Challenge Your Cybersecurity Skills: Outsmart a WAF Attack
By Tom Seest
At BestCybersecurityNews, we help entrepreneurs, solopreneurs, young learners, and seniors learn more about cybersecurity.
Luckily, there are many ways to evade Web Application Firewalls or WAFs. These firewalls filter web traffic based on rules that they have learned to recognize. Encoding your payload is one of the best ways to circumvent these filters. By encoding the payload using upper and lower-case characters, you can disguise your URLs and avoid being filtered by WAF rules. This technique can be used for the entire payload or a specific fragment.
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Modern Web Application Firewalls are capable of learning the user behaviors of web applications. This means that if a user tries to access a website that is blocked, the firewall will not block the request and will present a blank page to the user instead of blocking it. The blank page is a typical default for WAF-protected applications, so it is recommended that you remove it before exposing the application to a non-testing audience.
Modern WAFs use artificial intelligence algorithms to understand traffic patterns. This helps them detect suspicious traffic and avoid blocking legitimate traffic. They also analyze the application structure and identify malicious requests. This allows WAF operators to define the security rules that are appropriate for web applications and prevent the blocking of legitimate traffic.
Using a simulation environment, modern web application firewalls are able to learn from user behavior and train themselves to protect the website. This allows them to detect potential security risks early on and to avoid costly rework. The virtual lab environment features a realistic application environment, attack scenarios, and defensive mechanisms. The exercises follow a challenge format, with hints available along the way. It also provides students with practical, hands-on experience. A Defending the Flag exercise can last for up to 4 hours.
Web application firewalls can be used to protect your web applications against many types of attacks. They protect your valuable data from denial-of-service attacks, SQL injection, cross-site scripting, and even cookie poisoning. They are often used in tandem with reverse proxies to protect multiple web applications. They can also run as a network appliance or as a plugin on your server.
Modern web application firewalls are capable of learning from user behavior and learning how to protect users from dangerous attacks. They can also detect malicious websites based on their signatures and block malicious traffic. These technologies are becoming more important as the threat landscape becomes more complex.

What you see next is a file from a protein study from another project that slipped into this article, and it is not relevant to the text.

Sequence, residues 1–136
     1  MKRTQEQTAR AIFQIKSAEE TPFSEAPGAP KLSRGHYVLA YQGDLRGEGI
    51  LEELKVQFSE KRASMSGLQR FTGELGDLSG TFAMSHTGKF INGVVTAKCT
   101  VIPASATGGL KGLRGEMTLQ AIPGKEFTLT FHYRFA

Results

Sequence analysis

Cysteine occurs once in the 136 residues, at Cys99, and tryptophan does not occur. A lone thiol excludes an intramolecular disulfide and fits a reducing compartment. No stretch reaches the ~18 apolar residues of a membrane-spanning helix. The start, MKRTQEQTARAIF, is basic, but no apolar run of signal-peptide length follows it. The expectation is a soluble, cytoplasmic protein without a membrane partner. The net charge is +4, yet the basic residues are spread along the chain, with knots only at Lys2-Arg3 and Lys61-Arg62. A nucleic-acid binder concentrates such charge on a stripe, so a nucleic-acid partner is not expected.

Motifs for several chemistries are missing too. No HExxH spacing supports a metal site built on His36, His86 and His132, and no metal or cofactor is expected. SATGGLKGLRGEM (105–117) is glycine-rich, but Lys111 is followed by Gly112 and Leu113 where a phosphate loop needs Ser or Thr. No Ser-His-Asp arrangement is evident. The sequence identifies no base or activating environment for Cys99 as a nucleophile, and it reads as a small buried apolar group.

Besides being effective in protecting web applications, they also protect servers. They filter HTTP/S traffic in order to prevent any unauthorized data from leaving the web app. They do this by adhering to a set of policies to filter the data packets. A reverse proxy is used in conjunction with the firewall and protects the web app server.
The Cloud Armor WAF can be exploited, for example, by crafting an HTTP POST request with ‘test’ or ‘123’ in its body and sending it over the protected workload’s HTTPS endpoint. This attack can cause the server to consume CPU, memory, and disk space. To mitigate this effect, WAF controls must limit the amount of HTTP transactions they can process. This helps mitigate the effects of denial-of-service attacks while hardening the WAF for public Internet usage.
The Cloud Armor WAF evaluates rules in both the body and request headers. However, lower-priority rules may match the request header first and block the HTTP POST body. This can lead to a chain of attacks that can compromise a website. To avoid this problem, make sure to check official Google platforms for the latest information on security risks and how to mitigate them. You can also read up on information security risks and recommendations from the International Institute of Cyber Security.
The Cloud Armor WAF can be bypassed by crafting an HTTP POST request that exceeds the 8KB limit. However, the attacker must ensure that the endpoint’s HTTP POST capability supports HTTP POST requests in order to exploit the vulnerability.
Google Cloud Armor WAF has a field called fingerprint, which stores a hash of the contents of the policy. This field is ignored while creating a new policy, but a user can specify the current fingerprint when updating a policy.
The Cloud Armor WAF’s 8 KB size limit is similar to AWS’s, but the difference between the two is that Cloud Armor does not display this limit on its website. The user is not shown a prompt when configuring Cloud Armor rules, and the only reference to this limit is found in the Cloud Armor documentation.
This vulnerability is particularly prevalent in web applications that allow users to upload files over HTTP. Since most of these files are multipart/form data, the WAF engine does not spend CPU time inspecting them. Instead, the engine can spend its time processing requests and other data. This makes the WAF engine vulnerable to simple DoS attacks.
This vulnerability is also known to affect Google’s Cloud CDN and Cloud Storage buckets. The WAF’s denial action on new connections will result in the termination of the TCP connection. To mitigate the vulnerability, the WAF should only increase the body size of non-file upload requests. Despite this, the WAF’s capacity to handle request bodies larger than 8KB is limited.
The Cloud Armor WAF receives the request header before the body. During the processing phase, it evaluates rules against the header. However, it doesn’t match the preconfigured rules on the body. Therefore, custom request header actions will take effect only during the processing phase.
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